Dry skin during menopause is a common symptom and can start early in the perimenopausal phase. Over 36% of women over the age of 40 notice dry skin.
What causes dry skin during menopause?
Your skin becomes dry for a couple of different reasons. Number one, low estrogen levels can cause your cells to become dehydrated. Estrogen affects all the linings of your body, including your skin. Secondly, when estrogen levels are lower, your skin produces a lot less collagen, which is a protein that helps keep your tissues together. The skin cells no longer create the nice thick lush stacks that protect you from the drying effects of heat, cold, wind, and water. Lack of adequate estrogen is the main reason for dry skin in menopause.
Can HRT help?
Hormone replacement therapy can be actually very helpful. But once you’re postmenopausal, it can be difficult to get enough systemic hormones on board to improve dry skin. Yet, HRT is definitely the best way to rejuvenate your skin. While not as effective on their own, topical therapies can be helpful if you’re already using systemic estrogen therapy, and by systemic, I prefer to use transdermal or sublingual, not oral. Systemic oral estrogen can increase your risk of blood clots. Always when using estrogen, I recommend you use progesterone, as it helps to diminish the growth factor effect of estrogen for those cells that are outgrowing their welcome, such as tumor cells. Progesterone also enhances estrogen receptors, so that your skin responds to systemic estrogen faster.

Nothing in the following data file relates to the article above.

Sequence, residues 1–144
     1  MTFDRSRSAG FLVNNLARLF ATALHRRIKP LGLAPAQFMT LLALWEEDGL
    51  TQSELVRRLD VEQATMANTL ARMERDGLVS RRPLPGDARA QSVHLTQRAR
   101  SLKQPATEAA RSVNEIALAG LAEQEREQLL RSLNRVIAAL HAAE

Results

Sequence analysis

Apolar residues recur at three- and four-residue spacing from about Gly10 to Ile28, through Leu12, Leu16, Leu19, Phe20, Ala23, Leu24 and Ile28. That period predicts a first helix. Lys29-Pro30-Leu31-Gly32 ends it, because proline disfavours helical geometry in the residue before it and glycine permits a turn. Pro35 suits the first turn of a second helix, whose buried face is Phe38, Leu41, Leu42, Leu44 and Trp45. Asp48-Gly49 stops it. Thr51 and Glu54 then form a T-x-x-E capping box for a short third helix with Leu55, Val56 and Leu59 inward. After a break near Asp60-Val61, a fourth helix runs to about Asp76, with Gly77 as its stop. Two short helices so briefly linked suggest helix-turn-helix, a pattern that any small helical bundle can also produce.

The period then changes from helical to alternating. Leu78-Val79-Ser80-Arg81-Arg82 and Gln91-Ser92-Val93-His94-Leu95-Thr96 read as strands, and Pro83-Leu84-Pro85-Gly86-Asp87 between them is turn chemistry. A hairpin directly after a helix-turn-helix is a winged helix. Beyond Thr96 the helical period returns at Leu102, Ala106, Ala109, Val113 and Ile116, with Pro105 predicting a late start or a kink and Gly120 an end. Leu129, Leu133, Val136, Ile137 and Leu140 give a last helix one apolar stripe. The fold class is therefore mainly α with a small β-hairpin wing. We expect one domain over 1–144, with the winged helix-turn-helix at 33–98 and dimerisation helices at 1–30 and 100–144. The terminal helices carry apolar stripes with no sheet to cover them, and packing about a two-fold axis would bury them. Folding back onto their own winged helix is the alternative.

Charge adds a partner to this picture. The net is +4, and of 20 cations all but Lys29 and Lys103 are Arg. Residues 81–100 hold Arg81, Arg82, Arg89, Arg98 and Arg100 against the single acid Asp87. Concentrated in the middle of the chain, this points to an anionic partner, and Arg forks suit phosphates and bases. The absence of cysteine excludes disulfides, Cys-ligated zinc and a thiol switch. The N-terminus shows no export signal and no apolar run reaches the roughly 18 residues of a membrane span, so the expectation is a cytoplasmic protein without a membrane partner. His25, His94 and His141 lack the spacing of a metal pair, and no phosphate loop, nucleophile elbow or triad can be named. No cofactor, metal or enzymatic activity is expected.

What alternative therapies help dry skin in menopause?
Of the topical therapies, hyaluronic acid has been shown to help hydrate your skin. In addition, hydrating your body from the inside out by drinking enough water is important to help moisturize your skin. Every day, you need at least a 1/2 ounce of water per pound of your weight. Also, limit the amount of time that your skin is exposed to water. Hot water especially tends to dehydrate your tissues. After bathing, be sure to moisturize your skin.
Because your ovaries aren’t coming back after menopause, you’re dependent on adequate adrenal function to make some endogenous hormones. Adrenal DHEA can be converted into testosterone, and then into estrogen. Women with fairly good adrenal function will have much less dryness of their skin.
I have found that my menopausal patients who support their hypothalamus with Genesis Gold® have better adrenal function. As well as a lot less dryness and crepiness of their skin. Their skin looks and feels a lot healthier than those who do not support their hypothalamus. Plus, by supporting their hypothalamus with Genesis Gold®, they’re able to use a lot less hormone replacement therapy to keep their skin healthy.
If you have any questions regarding menopausal dry skin, please join us in our Hormone Support Group, which you can when you sign up for my free Hormone Reboot Training below.